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Trying to define startup these days is like trying to define hacker. The meaning changes, depending on your company. This is a good thing. It signifies a culture shift.

PG defines a startup as a business with very high growth potential.

According to my accountant, the IRS defines a startup as a business activity that is not yet profitable, but you're actively working to make it profitable.

By either of these definitions, not every new venture is a startup. This is just semantic. I don't think "not a startup" should be an insult.

EDIT: I see from another comment that Merriam-Webster defines start-up as a fledgling business. IMHO this makes the English language a little less rich, since you could just as easily say "new business", but it is what it is.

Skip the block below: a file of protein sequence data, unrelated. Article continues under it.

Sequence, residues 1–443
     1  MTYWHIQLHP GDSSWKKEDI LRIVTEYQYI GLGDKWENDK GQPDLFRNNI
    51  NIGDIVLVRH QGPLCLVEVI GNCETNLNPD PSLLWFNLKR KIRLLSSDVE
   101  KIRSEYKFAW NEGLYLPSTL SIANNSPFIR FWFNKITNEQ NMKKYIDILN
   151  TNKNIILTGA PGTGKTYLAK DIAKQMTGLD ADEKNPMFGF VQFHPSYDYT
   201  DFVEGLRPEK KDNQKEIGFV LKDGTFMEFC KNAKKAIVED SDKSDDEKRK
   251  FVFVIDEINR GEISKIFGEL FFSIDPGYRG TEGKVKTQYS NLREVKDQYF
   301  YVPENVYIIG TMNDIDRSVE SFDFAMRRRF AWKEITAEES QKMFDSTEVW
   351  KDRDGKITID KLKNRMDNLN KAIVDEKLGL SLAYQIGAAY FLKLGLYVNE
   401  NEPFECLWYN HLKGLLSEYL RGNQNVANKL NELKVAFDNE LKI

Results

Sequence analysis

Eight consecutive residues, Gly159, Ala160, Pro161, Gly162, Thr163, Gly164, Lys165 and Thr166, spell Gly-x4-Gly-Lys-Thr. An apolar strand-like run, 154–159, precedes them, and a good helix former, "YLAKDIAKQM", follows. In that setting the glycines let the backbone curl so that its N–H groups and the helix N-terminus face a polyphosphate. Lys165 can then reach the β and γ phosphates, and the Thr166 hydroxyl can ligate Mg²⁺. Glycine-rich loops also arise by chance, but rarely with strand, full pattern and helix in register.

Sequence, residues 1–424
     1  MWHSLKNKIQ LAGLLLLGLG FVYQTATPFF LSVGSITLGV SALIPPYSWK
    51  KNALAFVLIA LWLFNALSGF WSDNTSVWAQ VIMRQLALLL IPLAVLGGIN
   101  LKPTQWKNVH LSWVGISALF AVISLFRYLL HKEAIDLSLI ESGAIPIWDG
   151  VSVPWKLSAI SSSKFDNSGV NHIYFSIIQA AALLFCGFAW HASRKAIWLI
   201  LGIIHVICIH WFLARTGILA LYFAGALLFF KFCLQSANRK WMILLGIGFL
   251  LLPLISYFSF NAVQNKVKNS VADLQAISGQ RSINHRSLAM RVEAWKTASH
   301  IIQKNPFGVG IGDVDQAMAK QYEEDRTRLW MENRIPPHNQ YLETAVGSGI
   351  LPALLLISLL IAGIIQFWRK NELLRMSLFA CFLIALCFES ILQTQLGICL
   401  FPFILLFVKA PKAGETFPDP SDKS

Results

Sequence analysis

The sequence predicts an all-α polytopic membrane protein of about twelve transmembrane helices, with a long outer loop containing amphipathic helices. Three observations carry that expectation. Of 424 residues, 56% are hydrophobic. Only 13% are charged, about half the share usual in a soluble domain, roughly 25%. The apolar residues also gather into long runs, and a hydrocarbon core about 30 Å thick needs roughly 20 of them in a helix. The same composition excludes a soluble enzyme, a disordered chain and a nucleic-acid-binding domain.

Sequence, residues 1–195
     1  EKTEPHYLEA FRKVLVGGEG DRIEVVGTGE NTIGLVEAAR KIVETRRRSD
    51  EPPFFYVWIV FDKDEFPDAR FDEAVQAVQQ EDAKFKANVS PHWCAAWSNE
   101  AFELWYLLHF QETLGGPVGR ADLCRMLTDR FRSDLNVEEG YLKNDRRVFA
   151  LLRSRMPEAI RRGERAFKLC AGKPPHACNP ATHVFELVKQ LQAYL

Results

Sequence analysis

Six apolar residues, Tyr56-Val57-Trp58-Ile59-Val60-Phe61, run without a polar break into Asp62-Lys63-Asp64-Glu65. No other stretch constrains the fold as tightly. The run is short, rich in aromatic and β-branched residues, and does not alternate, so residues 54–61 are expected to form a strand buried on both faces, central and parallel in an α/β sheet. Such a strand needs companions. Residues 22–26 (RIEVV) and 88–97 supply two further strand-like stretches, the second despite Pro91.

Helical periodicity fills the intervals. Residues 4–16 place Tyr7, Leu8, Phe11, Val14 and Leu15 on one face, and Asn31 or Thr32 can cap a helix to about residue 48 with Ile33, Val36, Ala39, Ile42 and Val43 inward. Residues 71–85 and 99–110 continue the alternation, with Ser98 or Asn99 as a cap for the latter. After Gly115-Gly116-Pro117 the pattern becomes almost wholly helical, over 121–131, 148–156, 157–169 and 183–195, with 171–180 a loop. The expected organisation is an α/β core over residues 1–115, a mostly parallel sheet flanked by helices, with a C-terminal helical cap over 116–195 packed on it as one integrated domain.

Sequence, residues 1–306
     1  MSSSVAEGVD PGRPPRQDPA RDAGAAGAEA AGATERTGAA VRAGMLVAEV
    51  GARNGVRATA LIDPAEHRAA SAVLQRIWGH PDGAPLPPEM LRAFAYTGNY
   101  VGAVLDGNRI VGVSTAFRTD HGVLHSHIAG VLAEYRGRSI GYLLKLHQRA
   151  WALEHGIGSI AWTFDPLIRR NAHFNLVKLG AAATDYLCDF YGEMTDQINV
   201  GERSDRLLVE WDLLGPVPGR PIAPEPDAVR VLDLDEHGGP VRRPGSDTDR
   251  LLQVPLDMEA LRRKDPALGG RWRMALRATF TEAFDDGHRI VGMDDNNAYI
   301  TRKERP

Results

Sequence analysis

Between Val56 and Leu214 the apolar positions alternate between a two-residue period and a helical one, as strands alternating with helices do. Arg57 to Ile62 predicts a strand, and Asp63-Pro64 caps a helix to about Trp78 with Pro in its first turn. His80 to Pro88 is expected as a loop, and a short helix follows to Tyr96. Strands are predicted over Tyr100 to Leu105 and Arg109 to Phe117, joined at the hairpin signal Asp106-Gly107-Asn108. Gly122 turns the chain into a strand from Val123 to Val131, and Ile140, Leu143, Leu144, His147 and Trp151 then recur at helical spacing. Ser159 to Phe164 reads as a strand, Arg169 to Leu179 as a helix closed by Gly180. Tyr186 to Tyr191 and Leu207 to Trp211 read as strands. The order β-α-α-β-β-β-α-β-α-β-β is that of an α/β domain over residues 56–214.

PG also stresses the importance of creating a new technology in his definition of startup.

A startup is a 'Useful infrastructure' previously and wholly 'nonexistent' that 'fills a need' for a population and thus earns revenue. I'm sure I've left something out but this definition helps me sort between startup ideas and content ideas in my head.

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